Photograph © Denis Barthel

I moved to the Afrikanisches Viertel, in Wedding, about a month after I arrived in Berlin. Most of the streets are named for places in Africa – Togostraße, Windhukerstraße – but Nachtigalplatz commemorates Gustav Nachtigal, Bismarck’s Reichskommissar for West Africa, and Lüderitzstraße is named for the founder of German South West Africa.

Only one of these colonial names has been changed – sort of. In 1986, the city announced that Petersallee now referred to Hans Peters, a co-founder of the CDU and a member of the Kreisau Circle of wartime resisters. Small panels were attached to the street signs giving his name and dates. But the street was originally named for Carl Peters, an imperial high commissioner of northern Tanganyika in the 1890s and a notoriously brutal, violent racist, condemned even in his own time.

The neighbourhood is a place of colonial commemoration, activists say, not so much an Afrikanisches but a Kolonialistisches Viertel. They are campaigning to get the streets renamed after Africans who resisted colonial rule: Cornelius Frederiks, a Nama leader who died in a German concentration camp in 1907; Anna Mungunda, who was killed in the Old Location uprising in Windhoek in 1959; Manga Bell, who was hanged for treason in Cameroon in 1914; and the Maji Maji rebels in German East Africa (modern Tanzania) in 1905-7. The changes were agreed in principle by the Berlin Mitte borough council last year, with votes from the ruling coalition of SDP, Green and Die Linke. The AfD and CDU were opposed.

The CDU have been fighting against the change for years. In the 2011 Berlin state elections they posted material around the neighbourhood with the slogan ‘against the renaming of streets in the African Quarter’ and a photo of a sign for Kamerunerstraße: a dishonest sleight of hand, since no one had suggested changing the geographical street names. The CDU eventually proposed resolving the situation by repeating the Petersallee trick, rededicating Nachtigalplatz to Johann Karl Christoph Nachtigal (1753-1819), a theologian and folklorist, and Lüderitzstraße to the Namibian port of Lüderitz – never mind that the city is itself named after the same man.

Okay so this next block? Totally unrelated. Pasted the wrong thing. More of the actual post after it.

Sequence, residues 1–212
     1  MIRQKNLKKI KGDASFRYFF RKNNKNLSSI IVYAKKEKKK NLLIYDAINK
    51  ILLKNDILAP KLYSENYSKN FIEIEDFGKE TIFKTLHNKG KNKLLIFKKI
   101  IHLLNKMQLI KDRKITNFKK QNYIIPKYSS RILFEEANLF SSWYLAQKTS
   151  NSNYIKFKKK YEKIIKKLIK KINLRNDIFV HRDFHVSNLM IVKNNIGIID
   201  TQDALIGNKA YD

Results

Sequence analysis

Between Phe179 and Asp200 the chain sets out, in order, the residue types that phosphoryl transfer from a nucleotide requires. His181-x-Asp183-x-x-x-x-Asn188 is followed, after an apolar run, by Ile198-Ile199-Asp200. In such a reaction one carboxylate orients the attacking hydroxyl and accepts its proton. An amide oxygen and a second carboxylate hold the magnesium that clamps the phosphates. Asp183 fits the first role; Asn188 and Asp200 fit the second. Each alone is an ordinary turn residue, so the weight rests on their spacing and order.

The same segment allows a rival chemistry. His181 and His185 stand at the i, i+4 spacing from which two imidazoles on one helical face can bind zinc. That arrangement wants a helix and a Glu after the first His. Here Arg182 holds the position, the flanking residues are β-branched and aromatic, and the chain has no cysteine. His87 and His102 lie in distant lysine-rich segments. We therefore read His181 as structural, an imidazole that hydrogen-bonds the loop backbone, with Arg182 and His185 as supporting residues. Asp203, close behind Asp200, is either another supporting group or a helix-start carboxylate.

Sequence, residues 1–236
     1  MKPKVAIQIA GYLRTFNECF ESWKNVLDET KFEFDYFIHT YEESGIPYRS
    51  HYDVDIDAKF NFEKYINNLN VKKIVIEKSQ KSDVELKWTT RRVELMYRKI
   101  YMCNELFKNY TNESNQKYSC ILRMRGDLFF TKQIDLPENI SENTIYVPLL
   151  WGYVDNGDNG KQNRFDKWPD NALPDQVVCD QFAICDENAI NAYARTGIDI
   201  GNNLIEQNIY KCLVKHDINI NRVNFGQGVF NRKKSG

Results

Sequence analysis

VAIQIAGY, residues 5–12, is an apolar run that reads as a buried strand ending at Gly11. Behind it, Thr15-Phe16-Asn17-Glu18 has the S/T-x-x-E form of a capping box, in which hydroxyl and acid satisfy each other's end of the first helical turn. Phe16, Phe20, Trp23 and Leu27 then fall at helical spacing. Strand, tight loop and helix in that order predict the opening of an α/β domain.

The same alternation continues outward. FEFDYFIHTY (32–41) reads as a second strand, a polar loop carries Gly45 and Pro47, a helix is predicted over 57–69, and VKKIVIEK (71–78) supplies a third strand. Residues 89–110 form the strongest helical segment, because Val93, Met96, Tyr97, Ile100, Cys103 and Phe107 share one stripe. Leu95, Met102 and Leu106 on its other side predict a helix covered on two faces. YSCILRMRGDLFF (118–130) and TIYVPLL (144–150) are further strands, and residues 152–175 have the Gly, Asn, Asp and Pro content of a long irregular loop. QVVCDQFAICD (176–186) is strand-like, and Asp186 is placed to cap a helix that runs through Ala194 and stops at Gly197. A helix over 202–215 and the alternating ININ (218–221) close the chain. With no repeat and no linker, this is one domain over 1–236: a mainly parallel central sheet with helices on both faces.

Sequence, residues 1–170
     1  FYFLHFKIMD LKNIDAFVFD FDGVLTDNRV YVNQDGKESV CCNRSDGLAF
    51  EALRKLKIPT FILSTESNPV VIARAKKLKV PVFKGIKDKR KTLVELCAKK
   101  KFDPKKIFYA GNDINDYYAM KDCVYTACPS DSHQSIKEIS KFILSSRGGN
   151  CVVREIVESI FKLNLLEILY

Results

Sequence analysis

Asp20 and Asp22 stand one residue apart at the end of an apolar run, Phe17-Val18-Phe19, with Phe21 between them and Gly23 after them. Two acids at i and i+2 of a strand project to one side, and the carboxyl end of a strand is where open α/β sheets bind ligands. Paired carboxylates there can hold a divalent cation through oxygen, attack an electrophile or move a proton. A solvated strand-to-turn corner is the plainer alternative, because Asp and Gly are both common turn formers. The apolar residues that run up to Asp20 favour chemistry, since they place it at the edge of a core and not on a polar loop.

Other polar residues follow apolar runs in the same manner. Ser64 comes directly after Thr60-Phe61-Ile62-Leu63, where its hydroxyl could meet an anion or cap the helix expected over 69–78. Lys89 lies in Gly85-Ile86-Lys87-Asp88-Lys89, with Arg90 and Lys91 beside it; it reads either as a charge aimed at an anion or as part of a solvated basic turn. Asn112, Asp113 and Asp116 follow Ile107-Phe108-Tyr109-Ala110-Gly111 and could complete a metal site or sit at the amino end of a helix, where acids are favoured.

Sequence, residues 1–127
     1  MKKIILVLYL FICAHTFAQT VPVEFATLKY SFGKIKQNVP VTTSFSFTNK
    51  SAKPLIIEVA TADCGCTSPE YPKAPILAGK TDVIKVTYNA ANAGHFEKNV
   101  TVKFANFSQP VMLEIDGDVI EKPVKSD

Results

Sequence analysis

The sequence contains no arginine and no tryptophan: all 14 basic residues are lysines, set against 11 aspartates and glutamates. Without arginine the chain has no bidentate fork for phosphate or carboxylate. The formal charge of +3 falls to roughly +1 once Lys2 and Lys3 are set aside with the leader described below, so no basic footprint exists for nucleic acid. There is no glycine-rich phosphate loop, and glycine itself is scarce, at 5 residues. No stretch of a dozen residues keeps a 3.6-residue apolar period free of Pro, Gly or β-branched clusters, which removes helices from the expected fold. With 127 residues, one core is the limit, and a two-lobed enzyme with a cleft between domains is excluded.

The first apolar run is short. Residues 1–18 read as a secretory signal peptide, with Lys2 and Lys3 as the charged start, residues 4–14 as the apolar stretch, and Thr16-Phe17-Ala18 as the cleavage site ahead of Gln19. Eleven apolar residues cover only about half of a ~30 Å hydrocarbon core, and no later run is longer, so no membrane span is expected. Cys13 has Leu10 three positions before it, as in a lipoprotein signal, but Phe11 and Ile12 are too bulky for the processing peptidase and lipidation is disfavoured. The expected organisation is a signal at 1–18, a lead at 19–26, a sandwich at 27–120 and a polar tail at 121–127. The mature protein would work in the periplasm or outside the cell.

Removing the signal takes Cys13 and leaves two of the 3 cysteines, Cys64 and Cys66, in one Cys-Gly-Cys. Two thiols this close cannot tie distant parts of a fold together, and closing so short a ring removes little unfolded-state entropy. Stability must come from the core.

Reactions in the neighbourhood have been mixed. One elderly activist, of Tanzanian origin, had eggs thrown at him while he was giving a tour to supporters. An anonymous open letter published a few years ago alleged that demands to change the street names threatened ‘the peaceful co-existence between old and new residents of Wedding’.

‘There are many people who don’t care either way, there are people who want to confront us, but there are people who appreciate what we’re doing,’ Joshua Kwesi Aikins, an activist and academic, told me. ‘Once I was giving a tour and an old white lady shouted at me from the window of an apartment: “You! Wait, I’m coming down.” I was expecting a confrontation, but actually when she got down she brought me a beer. When she realised I didn’t have an opener she ran to get one for me. I’ve still got it somewhere.’

A local association, the Initiative Pro Afrikanisches Viertel (IPAV), has been drumming up residents to object to the changes formally, posting a template letter to the council on their website. They will probably try to organise a legal challenge too, according to the Tagesspiegel journalist Laura Hofmann. The group’s spokespeople are both active in the local CDU. They say they respect the ‘sincerity’ of those advocating change, but the ‘arbitrary’ selection of names doesn’t represent the necessary ‘conscious confrontation with our historical heritage’. The names seem anything but arbitrary, however, and it’s hard to see how the IPAV’s preferred solution (leave the names as they are and pull the Peters trick) would represent any kind of confrontation with history at all.

Some journalists have not been so delicate. The Die Welt columnist Alan Posener has written that imposing new street names on the residents would itself be a colonial act. He thinks it would be a mistake to name a street after Anna Mungunda – a domestic worker whose son had been shot dead by colonial forces – because enduring inequality in post-independence Namibia undermines, in his view, the whole premise of decolonisation. Approximately 70 per cent of the farmland in Namibia is currently owned by whites, many of them German or South African nationals. Posener also claimed that efforts to rename the streets would only push local voters towards the AfD.

‘I’m not saying everyone in this neighbourhood supports this colonial symbolism,’ Aikins said on a recent tour, ‘but some do.’ He stopped in the allotments at the top of Lüderitzstraße to point out a plot with the flag of the German empire flying over it.